A Performance Issue in Windows Timer Management?

By Alexander Schmidt

I was just crawling through the Windows sources to find out some details about Windows timer management when I figured out the following comment on lines 621 thru 624 in file base\ntos\inc\ntosdef.h:

00618 // 
00619 // Define timer table size. 
00620 // 
00621 // N.B. The size of the timer table must be less than or equal to 256 and a 
00622 // power of 2 in size. 
00624 #define TIMER_TABLE_SIZE 512

Obviously, the definition of TIMER_TABLE_SIZE does not follow the comment. But, as the code evolved over the years, I thought it was just another comment inconsistency.

Diving deeper into the Windows timer management, I found the reason why TIMER_TABLE_SIZE has to be a less than or equal to 256. Let me first tell you some principles of the Windows timer management.

Windows maintains TIMER_TABLE_SIZE lists of timers where each list corresponds to a residue class of the current tick count modulus TIMER_TABLE_SIZE. That is, the first timer list contains timers that expire at a tick count that is equivalent 0 modulus TIMER_TABLE_SIZE. (Tick count values like 0, 512, 1024, etc.) The second timer list contains timers that expire at a tick count value that is equivalent 1 modulus TIMER_TABLE_SIZE, like 1, 513, 1024, etc. These lists are aggregated in KiTimerTableListHead which is actually an array with TIMER_TABLE_SIZE entries of type KTIMER_TABLE_ENTRY. The structure is shown below.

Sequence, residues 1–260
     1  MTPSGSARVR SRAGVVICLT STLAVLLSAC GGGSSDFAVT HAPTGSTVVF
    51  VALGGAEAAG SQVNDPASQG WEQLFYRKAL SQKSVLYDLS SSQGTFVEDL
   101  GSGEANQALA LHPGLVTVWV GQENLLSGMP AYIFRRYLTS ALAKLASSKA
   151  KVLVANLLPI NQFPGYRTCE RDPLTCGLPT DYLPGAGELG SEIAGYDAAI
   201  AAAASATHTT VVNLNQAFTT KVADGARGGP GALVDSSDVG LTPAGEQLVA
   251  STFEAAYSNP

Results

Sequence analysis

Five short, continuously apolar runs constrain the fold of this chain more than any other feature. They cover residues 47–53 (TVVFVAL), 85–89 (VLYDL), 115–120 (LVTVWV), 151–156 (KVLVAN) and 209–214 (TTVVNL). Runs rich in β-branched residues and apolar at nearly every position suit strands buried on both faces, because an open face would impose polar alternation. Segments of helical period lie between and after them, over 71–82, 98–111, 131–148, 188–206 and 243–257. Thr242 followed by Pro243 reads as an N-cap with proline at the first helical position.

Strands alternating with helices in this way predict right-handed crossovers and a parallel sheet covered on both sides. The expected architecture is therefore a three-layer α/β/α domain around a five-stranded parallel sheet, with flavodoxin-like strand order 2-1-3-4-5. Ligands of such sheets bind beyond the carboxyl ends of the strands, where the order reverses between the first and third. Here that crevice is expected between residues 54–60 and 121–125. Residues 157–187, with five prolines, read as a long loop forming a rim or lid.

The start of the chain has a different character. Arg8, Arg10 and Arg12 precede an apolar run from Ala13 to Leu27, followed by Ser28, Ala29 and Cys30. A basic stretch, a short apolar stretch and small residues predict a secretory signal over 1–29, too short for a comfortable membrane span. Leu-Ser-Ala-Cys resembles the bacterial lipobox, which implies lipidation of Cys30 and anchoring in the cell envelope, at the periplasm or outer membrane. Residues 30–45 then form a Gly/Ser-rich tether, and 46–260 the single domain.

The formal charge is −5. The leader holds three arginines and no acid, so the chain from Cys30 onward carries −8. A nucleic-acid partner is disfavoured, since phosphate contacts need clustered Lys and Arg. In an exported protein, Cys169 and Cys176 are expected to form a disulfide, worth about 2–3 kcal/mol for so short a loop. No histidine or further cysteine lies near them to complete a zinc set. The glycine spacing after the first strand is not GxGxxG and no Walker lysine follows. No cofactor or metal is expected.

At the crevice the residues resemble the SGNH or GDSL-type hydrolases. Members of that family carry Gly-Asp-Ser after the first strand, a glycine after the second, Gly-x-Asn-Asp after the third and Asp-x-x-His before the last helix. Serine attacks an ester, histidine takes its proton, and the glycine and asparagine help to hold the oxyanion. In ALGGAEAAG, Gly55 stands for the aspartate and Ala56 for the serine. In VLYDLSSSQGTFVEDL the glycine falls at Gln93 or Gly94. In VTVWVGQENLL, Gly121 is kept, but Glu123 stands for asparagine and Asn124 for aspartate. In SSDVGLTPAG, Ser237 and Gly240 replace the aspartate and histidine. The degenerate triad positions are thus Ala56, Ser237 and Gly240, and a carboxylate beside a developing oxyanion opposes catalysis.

01936 typedef struct _KTIMER_TABLE_ENTRY { 
01937 	LIST_ENTRY Entry; 
01938 	ULARGE_INTEGER Time; 

The Time member represents the absolute due time in interrupt time of the first timer in the doubly linked list pointed to by Entry. When a timer object is set (KeSetTimer() in ntos\inc\ke.h), Windows inserts the corresponding timer object in an appropriate timer list. To find the appropriate timer list, it uses the internal helper function KiComputeDueTime() (see base\ntos\ke\ki.h) that computes the absolute due time from a given relative due time. This function has an output parameter Hand, that identifies the appropriate index of the timer in the timer table. Hand is computed by the function KiComputeTimerTableIndex() with the following formula:

Hand = (Due Time / Maximum time) % TIMER_TABLE_SIZE,

where Maximum time is equivalent to the system’s tick count period length.

Now, refer to the following lines of KeComputeDueTime():

01219 	*Hand = KiComputeTimerTableIndex(DueTime); 
01220 	Timer->Header.Hand = (UCHAR)*Hand; 
01221 	Timer->Header.Inserted = TRUE; 
01222 	return TRUE;

Here it is worth noting that KiComputeTimerTableIndex() returns a ULONG value. As you can see, *Hand is cast into a UCHAR. That is no problem as long as TIMER_TABLE_SIZE is less than or equal to 256. But remember the code in the first listing, it is 512! That is, the Hand member of the timer’s DISPATCHER_HEADER structure is likely to overflow.

Now I tried to figure out where this member is referenced and whether any overflow check is done.